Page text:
In a zoo in Western Denmark, there were three monkeys in an enclosure.  The zoo was brand new, and they were still making final touches to the animal’s environments.  Within the monkey enclosure was a tall fruit tree.  Naturally, the monkeys enjoyed eating the fruit and spent much of their time around the tree.  One day a zoo employee noticed that it was possible for a monkey to climb the tree and escape the enclosure.  While the zoo staff was waiting for

museum leadershipnew netting to arrive so they could fix the issue, they temporarily used an invisible fence system that would shock the monkeys if they went too far up the tree.  At one time or another, each of the monkeys attempted to climb the tree and were shocked by the invisible fence.  After a few days, the monkeys stopped climbing the tree because they did not want to be shocked.  A month later, the zoo staff installed the permanent netting and took out the invisible fence system, allowing the monkeys to climb high into the tree if they wished.  But at this point, the monkey’s past experiences had taught them to avoid the tree as they had been shocked many times.  The monkeys never attempted to climb the tree again, considering the area off-limits.

A year later, a fourth monkey was added to the enclosure with the original three.  The fourth monkey immediately went to the tree to get some fruit, but as soon as he got close to the tree, the other monkeys tackled him because they did not want him to be shocked as they had been.  Every time he went toward the tree, the other monkeys would block him.  After a while, the new monkey became frustrated and never attempted to climb the tree again.  He wasn’t sure why the senior monkeys were blocking him, but he no longer wanted to cause disruption and simply got in line with their actions.

Years went by without the monkeys ever attempting to climb the tree.  Over time, two of the four monkeys were moved to other zoos, and one had passed.  Only one of the original monkeys left, and he was old, frail, and mostly kept to himself.  The zoo added two brand new younger monkeys to the enclosure.  The new monkeys immediately climbed the tree and ate the fruit without incident as there was no one left in the cage to dissuade them from doing so.  After a few weeks of this, the original monkey joined them, and they all ate and enjoyed the fruit.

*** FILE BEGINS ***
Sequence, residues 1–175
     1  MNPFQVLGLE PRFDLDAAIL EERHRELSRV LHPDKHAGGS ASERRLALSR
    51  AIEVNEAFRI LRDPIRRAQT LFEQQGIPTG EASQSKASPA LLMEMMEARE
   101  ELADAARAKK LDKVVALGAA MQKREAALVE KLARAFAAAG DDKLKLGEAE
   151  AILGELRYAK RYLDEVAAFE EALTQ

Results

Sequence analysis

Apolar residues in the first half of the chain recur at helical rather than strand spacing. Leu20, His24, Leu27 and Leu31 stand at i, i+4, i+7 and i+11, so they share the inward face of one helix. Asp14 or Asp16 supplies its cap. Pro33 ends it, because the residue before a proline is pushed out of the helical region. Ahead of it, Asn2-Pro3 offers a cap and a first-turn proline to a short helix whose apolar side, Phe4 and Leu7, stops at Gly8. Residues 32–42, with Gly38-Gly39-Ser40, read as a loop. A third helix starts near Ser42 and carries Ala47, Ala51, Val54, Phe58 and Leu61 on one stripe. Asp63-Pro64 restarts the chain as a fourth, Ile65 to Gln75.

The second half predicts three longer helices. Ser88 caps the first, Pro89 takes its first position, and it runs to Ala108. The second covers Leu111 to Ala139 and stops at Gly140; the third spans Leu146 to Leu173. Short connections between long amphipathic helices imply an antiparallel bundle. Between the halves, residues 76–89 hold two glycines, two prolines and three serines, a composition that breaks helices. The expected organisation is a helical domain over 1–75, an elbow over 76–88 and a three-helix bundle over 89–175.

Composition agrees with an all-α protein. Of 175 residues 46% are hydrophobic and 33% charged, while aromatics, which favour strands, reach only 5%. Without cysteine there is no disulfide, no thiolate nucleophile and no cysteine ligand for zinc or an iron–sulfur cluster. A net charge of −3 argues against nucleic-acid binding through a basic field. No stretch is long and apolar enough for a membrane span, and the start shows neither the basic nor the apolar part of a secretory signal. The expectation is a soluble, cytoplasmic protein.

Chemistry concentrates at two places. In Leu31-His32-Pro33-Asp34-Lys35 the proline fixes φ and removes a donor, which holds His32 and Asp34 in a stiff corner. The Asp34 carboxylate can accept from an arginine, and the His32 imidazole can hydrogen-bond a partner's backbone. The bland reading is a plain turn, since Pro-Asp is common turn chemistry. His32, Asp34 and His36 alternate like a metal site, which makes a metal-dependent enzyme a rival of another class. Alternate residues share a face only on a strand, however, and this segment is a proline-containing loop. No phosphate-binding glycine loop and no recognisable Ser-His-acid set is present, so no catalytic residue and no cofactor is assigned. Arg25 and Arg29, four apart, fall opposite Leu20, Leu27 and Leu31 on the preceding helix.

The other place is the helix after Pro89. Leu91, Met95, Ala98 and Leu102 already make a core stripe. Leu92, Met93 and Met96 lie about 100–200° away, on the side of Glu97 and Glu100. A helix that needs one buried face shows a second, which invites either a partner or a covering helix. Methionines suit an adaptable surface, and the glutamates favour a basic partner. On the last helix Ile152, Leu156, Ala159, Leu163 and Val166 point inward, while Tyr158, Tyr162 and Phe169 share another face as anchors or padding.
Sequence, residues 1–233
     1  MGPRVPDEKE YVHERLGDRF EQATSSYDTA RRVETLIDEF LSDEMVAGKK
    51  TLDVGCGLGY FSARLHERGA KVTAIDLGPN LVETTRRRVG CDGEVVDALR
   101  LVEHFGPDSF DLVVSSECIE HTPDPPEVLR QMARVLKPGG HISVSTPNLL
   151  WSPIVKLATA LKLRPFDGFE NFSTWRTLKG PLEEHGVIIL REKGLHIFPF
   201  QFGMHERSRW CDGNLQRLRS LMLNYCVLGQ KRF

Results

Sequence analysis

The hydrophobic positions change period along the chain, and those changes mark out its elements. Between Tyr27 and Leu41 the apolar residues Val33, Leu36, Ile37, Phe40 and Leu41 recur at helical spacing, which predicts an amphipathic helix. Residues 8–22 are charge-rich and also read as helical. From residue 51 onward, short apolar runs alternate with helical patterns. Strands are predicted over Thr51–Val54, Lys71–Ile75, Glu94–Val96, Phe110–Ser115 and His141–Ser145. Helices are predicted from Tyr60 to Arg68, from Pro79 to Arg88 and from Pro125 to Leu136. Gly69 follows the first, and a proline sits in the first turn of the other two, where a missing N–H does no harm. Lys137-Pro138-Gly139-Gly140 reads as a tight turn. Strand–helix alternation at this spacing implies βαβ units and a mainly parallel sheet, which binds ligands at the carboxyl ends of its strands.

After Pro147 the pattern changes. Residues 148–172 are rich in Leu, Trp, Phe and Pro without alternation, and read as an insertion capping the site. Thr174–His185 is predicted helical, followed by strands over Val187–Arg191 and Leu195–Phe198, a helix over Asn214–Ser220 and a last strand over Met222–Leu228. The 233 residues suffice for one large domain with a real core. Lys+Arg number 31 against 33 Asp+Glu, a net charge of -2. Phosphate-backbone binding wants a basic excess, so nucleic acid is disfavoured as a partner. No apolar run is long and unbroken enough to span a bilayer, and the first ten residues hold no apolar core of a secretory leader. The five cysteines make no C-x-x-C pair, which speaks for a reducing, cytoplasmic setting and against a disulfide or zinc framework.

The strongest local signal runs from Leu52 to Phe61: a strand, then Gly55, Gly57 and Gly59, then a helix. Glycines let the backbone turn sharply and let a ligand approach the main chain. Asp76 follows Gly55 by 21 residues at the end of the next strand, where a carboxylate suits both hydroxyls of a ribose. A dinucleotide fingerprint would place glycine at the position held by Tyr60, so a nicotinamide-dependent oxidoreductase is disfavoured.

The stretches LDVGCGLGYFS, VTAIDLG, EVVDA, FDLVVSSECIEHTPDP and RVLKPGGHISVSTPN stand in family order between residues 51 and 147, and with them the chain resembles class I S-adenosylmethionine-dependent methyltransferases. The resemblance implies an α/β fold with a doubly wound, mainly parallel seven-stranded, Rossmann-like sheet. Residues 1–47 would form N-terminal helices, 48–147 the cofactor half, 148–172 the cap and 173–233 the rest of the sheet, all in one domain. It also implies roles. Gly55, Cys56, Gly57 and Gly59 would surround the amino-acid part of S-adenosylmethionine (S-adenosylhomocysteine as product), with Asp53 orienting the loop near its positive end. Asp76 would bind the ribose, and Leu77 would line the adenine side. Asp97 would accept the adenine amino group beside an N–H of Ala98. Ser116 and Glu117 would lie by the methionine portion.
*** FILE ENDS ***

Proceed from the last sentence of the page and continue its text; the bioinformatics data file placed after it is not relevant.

The COVID-19 pandemic is forcing organizations to consider new offerings, new channels, new profit models, and new experiences with dramatic urgency.  The reality is, much like the monkeys, we all have formal and informal ‘rules’ and assumptions in our organizations that have not been questioned for years for a variety of reasons.  There can be no ‘fruit tree’ in our organizations if we are to come up with the actions necessary to sustain in this challenging time.  Every topic has to be open for real, meaningful discussion.  A program that was once a cornerstone may now be obsolete.  An idea that was once brushed aside could become a big winner.

As your team discusses new ways of doing business, consider the following:

  1. Ask why? Do you have fruit trees at your museum?  Policies, procedures, or programs that are treated as sacred?  Assumptions that have not been challenged, or even discussed in years?  Brainstorm a list of ‘we have always done it that way’ items and discuss their current merits.
  2. Give everyone a voice, especially people that are newer to the organization because they have not been encultured into long term assumptions. I have seen many times in which a museum’s newest employee comes up with the idea that becomes a cornerstone program.
  3. Make it hard to say no to new ideas. If you get to a sticking point, do this exercise. Before the group can decide against a new idea, everyone on the opposing side has to write a one-page word document explaining why they think its not the best course of action.  If you can’t articulate it, you are often dealing with an invisible fence.


Writers Note- Versions of the monkey story have been told for years.  While this version is original, the concept is not.  I was unable to figure out the genesis of this concept.  If someone knows, please contact me, and I will appropriately credit the source.

Article by Frank Bennett, originally published at

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